After being part of the backroom team with the Netherlands and Barcelona, the now Southampton boss took his first step into management at Arnhem in 2000.
Koeman’s time at the Eredivisie side was short – spending just a season at the club – but relatively successful, leading them into the UEFA Cup. His success at Arnhem set him on the managerial path which has included stops at the likes of Ajax, PSV Eindhoven, Feyenoord, Benfica and Valencia before taking the reins at St Mary’s last summer.
A remarkable first campaign at the helm has led to European football returning to Southampton for the first time in 12 years, with Vitesse now standing in their way in the Europa League third qualifying round.
“It was a great experience for me,” Koeman said. “It was my first club to be first-team manager.
“At that time, Vitesse was growing. It was two years because they got some problems with the chairman at that time and with the sponsor of the club.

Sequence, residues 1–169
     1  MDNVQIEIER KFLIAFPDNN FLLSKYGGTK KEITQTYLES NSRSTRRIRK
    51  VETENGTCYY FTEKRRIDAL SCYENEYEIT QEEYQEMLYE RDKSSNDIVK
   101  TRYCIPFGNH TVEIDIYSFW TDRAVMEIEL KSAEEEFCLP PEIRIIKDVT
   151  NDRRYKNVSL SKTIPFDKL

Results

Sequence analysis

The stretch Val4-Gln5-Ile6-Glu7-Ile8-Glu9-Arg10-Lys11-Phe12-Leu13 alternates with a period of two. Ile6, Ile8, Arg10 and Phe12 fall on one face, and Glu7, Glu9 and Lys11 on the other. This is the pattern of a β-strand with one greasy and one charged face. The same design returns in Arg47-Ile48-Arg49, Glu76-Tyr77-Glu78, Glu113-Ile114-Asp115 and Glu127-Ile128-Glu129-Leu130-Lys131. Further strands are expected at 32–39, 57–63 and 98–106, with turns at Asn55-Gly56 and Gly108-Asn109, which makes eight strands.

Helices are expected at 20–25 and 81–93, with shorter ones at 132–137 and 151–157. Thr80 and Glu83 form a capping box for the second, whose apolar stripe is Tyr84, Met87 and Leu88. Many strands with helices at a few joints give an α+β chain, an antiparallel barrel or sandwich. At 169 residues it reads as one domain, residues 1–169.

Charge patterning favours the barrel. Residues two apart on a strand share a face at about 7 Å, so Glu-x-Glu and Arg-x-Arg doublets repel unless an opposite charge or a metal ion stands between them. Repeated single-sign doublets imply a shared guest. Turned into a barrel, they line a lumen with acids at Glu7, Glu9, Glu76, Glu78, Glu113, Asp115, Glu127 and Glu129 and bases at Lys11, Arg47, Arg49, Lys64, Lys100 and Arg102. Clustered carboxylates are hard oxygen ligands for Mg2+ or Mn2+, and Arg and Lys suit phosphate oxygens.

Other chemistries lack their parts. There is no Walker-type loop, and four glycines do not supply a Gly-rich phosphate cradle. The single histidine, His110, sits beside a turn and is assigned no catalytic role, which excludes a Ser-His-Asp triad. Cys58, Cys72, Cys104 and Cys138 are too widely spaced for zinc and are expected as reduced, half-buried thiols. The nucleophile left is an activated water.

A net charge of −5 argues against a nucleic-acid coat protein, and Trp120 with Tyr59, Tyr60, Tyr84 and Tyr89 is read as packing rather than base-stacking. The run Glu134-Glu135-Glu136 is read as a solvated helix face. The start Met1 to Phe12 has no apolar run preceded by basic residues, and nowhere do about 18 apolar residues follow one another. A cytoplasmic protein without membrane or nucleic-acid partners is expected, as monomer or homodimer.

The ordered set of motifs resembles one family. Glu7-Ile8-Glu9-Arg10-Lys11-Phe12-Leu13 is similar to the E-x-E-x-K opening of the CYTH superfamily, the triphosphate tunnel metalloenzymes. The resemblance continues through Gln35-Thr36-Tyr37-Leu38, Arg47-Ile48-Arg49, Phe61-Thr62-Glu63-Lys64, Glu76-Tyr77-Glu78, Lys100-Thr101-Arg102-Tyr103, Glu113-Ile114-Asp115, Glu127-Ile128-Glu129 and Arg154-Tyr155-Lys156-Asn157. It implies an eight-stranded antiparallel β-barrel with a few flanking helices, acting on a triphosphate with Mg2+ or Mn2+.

“After that, the club was a little bit more down and now it’s in a new situation in the club because they have an owner who is connected to Chelsea.
“In my time, we played in front of 25,000 to 26,000 people every home game and now if they play against Ajax, PSV or Feyenoord, there is 20,000 or 22,000 maximum.
“Maybe the people lost a little bit of the connection, the feeling with the club, because it is not really like before. I don’t know. That’s from a distance.”
Koeman is referring to the relationship with Chelsea which goes back to 2010, when Vitesse became the first Dutch club to be bought by foreign investors.
Nemanja Matic, Patrick van Aanholt and Tomas Kalas are among a string of players to have swapped Chelsea for Arnhem on a temporary basis.
Izzy Brown, Lewis Baker, Nathan and Danilo Pantic are the current crop farmed out by the Blues – a situation which would make Koeman uncomfortable as Vitesse head coach.
“I didn’t have that at that time and I don’t know,” he added. “It looks like it is difficult, it looks difficult for the manager because you start every season with a new team and that’s difficult.
“It is difficult to have really the spirit in the team, I think, because all the young players come to play, but they still like to go back to Chelsea or even to play at a higher level.
“I don’t know if I can work in that. I don’t know.”